SIGGRAPH: Let’s get technical. How long did your research take? How many people were involved?

MM: This project took about four months from the first development to the release of the poster; however, it has formed the base of a much larger project that will be carried out through the end of 2020 and likely beyond. Two developers, one undergraduate student, and a research staff member were engaged for the initial development; however, the project that will continue forward is engaging two research labs with three principal investigators and roughly a dozen students.

SIGGRAPH: What technology was needed to develop your research? How did you combine the strength of two existing engines to create a simulation that collects the correct amount of data?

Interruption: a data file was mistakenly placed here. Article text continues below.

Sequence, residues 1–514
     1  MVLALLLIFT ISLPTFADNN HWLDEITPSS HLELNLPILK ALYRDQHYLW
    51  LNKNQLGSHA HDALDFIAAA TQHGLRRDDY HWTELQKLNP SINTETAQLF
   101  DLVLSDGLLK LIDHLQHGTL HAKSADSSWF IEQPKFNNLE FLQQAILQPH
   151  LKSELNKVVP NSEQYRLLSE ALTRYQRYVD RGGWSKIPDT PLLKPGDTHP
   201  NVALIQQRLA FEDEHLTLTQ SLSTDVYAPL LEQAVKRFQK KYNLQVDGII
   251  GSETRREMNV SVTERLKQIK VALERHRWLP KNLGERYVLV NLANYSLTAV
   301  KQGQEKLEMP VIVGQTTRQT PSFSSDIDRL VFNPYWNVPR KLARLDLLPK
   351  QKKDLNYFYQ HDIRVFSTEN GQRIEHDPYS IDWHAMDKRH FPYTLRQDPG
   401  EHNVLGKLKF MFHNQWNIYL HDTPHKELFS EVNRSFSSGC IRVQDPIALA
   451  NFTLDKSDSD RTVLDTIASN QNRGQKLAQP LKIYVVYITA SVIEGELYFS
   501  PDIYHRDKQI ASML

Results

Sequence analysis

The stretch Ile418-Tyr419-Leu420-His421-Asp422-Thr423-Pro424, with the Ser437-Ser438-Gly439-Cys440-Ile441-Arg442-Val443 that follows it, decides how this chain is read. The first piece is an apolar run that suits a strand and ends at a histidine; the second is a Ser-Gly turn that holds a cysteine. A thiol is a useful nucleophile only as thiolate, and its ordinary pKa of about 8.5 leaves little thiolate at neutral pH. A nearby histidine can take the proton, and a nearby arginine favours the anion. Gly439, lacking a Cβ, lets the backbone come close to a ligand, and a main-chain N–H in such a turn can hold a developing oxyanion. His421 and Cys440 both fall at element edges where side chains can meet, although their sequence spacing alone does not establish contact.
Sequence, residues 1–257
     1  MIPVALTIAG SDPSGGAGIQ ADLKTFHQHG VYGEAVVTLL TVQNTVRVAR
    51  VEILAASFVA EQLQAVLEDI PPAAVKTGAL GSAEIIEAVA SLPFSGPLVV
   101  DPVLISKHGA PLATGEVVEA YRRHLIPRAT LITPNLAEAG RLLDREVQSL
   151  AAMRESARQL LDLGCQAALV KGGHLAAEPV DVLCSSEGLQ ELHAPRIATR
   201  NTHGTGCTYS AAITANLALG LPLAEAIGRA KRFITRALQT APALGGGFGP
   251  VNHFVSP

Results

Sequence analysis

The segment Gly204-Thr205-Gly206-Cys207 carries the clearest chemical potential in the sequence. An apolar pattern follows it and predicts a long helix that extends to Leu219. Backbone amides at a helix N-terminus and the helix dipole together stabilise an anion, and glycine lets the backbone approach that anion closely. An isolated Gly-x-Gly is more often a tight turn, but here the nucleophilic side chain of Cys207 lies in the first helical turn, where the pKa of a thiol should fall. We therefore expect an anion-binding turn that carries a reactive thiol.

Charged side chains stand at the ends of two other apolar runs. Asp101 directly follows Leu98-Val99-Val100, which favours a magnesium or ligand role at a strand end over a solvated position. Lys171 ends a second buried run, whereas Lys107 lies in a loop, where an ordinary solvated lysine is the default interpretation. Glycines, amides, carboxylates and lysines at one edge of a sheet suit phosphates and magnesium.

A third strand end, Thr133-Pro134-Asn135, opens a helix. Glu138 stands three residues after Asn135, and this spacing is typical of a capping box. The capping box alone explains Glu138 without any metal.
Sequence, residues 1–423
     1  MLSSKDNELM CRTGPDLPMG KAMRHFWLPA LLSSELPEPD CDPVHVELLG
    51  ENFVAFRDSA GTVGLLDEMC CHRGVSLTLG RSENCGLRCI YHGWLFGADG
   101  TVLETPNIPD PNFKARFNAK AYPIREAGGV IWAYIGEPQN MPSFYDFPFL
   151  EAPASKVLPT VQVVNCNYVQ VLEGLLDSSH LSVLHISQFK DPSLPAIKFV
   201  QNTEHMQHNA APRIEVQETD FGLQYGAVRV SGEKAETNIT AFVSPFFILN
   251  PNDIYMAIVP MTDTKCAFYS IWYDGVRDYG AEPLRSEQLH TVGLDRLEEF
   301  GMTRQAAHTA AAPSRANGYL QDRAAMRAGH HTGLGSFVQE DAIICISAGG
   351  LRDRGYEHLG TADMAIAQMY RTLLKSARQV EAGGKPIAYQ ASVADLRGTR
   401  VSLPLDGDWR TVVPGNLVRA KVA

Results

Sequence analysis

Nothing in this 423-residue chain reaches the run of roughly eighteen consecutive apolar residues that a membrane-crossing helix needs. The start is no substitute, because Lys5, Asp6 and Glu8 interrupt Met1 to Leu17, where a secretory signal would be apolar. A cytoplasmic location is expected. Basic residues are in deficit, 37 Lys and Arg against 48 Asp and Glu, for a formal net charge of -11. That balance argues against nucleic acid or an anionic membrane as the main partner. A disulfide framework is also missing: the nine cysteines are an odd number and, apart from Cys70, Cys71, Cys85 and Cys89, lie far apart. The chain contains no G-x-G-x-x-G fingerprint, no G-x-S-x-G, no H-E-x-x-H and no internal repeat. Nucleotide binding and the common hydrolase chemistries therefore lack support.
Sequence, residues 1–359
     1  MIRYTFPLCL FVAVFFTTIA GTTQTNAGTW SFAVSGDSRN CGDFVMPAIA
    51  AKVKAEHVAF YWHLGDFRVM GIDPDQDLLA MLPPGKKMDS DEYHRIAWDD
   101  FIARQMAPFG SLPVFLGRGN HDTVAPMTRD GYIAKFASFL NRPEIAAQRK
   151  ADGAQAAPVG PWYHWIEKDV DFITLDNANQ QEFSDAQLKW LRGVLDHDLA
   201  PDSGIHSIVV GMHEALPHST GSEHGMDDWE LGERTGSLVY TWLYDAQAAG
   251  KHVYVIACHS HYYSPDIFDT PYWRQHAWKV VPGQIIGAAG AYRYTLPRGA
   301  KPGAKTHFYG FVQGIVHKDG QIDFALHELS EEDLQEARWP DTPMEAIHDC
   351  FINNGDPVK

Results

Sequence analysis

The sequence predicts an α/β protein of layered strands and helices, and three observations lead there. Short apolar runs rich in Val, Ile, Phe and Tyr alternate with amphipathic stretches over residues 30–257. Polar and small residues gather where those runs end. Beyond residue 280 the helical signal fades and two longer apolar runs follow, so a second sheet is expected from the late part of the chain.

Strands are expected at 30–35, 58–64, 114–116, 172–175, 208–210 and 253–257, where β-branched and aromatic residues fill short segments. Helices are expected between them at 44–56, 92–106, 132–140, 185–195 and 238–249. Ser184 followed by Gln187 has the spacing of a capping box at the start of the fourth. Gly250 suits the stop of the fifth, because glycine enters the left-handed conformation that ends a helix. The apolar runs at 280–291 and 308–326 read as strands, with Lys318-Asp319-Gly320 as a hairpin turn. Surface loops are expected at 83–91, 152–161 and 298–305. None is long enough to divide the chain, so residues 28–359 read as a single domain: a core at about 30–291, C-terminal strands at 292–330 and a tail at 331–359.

MM: In order to make the tool as broadly useful as possible, we started by choosing widely-used tools. We are using Robot Operating System (ROS) as the underlying network transport and the Gazebo simulator as the physics simulator for the robot-world interactions. Using ROS and Gazebo allowed us to use existing models and APIs to simulate our research vehicle, including the Husky mobile robotics platform. On the human side of the equation, we decided to use virtual reality (VR) to immerse the test participant in the same world as the robot and to allow the participant to interact with the virtual robot. To that end, we used the Unity game engine to drive one of several VR systems, including the CAVE2 system, as pictured on our poster, and the Valve Index when a more isolated experience was needed.